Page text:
The Longevity Exercise Physiology team in Drummoyne,EdgecliffMarrickville,Bella Vista, Randwick, Lindfield and Balmain commonly get asked about the core. Susannah takes us through the important muscles and helps debunk some myths!

If you google ‘core workout’ or ‘ab workout’ you will probably find hundreds of elaborate looking exercises coupled with buzz words such as ‘flat stomach’ and ‘six pack’. Many people believe doing hundreds of sit ups, crunches and planks and feeling the burn through the front of their torso is a sure-fire way to gain those six pack muscles you see on TV commercials. Aside from the aesthetic component of chiselled abdominals there is a lot more to the core muscles than meets the eye. It provides a stable base and foundation for all movement, the simple act of lifting your arm or leg requires stability from your core muscles.

There are many small, stabilising muscles that are directly involved in core stability but I will explain the 4 ‘inner’ core muscles in detail below.

  1. Diaphragm

You may be surprised to hear that the diaphragm forms part of the inner core muscles and is often an overlooked part. You can think of the diaphragm as the ‘roof’ of the inner core and actually allows a lot of the other core muscles to activate better. The goal is to continue to breathe during any core-based exercise, whether that be lying on the floor or performing a standing core exercise. A lot of clients have told me that they can never remember what the correct breathing pattern is, and at the end of the day I say as long as you don’t hold your breath that is most important.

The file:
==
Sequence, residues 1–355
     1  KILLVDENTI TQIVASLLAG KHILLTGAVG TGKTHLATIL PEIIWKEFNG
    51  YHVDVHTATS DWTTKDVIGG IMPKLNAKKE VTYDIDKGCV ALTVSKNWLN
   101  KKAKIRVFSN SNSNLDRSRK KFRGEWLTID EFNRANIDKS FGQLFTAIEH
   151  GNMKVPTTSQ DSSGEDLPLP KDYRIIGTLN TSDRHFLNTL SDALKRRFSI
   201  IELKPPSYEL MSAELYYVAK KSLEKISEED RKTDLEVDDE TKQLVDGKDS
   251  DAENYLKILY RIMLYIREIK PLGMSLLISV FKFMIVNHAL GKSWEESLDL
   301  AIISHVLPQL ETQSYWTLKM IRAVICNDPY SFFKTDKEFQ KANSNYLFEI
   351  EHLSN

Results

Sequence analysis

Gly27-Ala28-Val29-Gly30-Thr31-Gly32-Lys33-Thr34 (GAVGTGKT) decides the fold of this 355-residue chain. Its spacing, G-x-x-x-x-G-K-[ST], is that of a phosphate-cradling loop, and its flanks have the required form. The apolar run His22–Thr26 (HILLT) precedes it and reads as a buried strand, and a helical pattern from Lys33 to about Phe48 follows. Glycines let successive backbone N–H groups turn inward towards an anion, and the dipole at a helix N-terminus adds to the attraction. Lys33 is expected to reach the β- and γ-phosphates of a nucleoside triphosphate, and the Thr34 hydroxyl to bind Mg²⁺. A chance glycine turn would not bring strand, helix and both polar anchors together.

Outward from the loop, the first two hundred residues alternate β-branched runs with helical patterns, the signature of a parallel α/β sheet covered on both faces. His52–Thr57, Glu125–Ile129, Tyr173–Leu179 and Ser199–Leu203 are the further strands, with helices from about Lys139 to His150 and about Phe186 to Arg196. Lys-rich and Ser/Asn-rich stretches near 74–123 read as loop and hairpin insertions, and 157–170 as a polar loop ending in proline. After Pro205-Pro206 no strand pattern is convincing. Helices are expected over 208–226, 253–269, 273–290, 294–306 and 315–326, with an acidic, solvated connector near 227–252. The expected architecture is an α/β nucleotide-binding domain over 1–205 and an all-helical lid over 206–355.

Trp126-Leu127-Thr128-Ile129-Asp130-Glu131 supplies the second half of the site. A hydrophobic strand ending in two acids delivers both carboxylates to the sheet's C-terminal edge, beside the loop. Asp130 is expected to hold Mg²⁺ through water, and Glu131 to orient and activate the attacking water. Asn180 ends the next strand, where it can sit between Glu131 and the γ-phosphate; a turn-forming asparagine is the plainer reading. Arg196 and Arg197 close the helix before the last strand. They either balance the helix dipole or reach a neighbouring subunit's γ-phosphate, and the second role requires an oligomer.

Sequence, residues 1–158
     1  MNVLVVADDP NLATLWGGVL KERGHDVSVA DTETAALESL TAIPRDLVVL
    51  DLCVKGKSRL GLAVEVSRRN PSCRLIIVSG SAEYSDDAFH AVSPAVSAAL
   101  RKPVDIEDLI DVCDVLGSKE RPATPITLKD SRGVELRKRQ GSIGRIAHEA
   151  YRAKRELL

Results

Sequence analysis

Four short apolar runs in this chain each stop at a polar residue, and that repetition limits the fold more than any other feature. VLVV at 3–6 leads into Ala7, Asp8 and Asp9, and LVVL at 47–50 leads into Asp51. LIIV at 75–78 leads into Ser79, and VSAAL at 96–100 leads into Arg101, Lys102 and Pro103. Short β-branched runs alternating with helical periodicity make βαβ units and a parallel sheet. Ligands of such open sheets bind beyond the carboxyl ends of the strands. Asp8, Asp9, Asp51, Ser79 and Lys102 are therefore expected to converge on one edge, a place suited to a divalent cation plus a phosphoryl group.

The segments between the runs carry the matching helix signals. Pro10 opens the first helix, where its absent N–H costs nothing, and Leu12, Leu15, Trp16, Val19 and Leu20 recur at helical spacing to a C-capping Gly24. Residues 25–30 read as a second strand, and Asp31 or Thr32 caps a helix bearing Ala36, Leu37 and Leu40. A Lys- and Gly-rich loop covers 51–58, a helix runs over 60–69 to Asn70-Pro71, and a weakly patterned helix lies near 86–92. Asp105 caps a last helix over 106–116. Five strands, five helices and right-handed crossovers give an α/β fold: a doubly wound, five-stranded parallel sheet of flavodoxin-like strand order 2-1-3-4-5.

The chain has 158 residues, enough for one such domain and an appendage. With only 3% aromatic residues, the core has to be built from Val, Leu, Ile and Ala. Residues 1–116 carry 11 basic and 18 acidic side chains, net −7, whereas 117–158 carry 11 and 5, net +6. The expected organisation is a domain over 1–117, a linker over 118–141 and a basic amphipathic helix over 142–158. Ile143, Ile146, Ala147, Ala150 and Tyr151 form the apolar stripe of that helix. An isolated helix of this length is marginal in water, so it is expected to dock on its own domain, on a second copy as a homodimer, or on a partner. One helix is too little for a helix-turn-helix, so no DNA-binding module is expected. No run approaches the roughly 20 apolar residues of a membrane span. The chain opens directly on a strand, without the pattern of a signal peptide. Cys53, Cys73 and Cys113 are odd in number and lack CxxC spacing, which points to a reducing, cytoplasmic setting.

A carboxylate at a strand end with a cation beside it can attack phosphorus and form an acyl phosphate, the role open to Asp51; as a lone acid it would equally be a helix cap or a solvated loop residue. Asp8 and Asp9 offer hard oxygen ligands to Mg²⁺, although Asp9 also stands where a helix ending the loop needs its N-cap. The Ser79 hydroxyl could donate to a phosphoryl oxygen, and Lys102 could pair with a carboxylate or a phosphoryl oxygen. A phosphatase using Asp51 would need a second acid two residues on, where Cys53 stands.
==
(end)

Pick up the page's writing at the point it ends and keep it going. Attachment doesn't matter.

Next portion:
1. Transverse abdominus

This muscle wraps around horizontally from the front to the back of the torso and provides a lot of the stability during all movements whether that be performing a lunge, squat or reaching overhead.

  1. Multifidus

Multifidus is a very deep, small muscle that travels from the base of your spine and along your vertebrae all the way to your neck. These small, deep muscles are responsible for keep the vertebrae in your spine in the correct alignment and providing stability at each joint through your spine.

  1. Pelvic floor

The pelvic floor muscles are essentially the ‘floor’ of the deep core unit and are shaped like a hammock to provide support for the bowel and bladder. If you find you are going to the bathroom frequently especially at night some simple pelvic floor exercises may help reverse this. Many women will be familiar with the term pelvic floor as it is often used after child birth and if not addressed can cause incontinence, which is something that can be fixed.

As mentioned earlier these are just some of the main muscles involved in providing good core strength and your exercise physiologist can tailor a core strengthening program for you based on your needs.

Call 1300 964 002 to get personalised exercise advice from one of our Accredited Exercise Physiologists.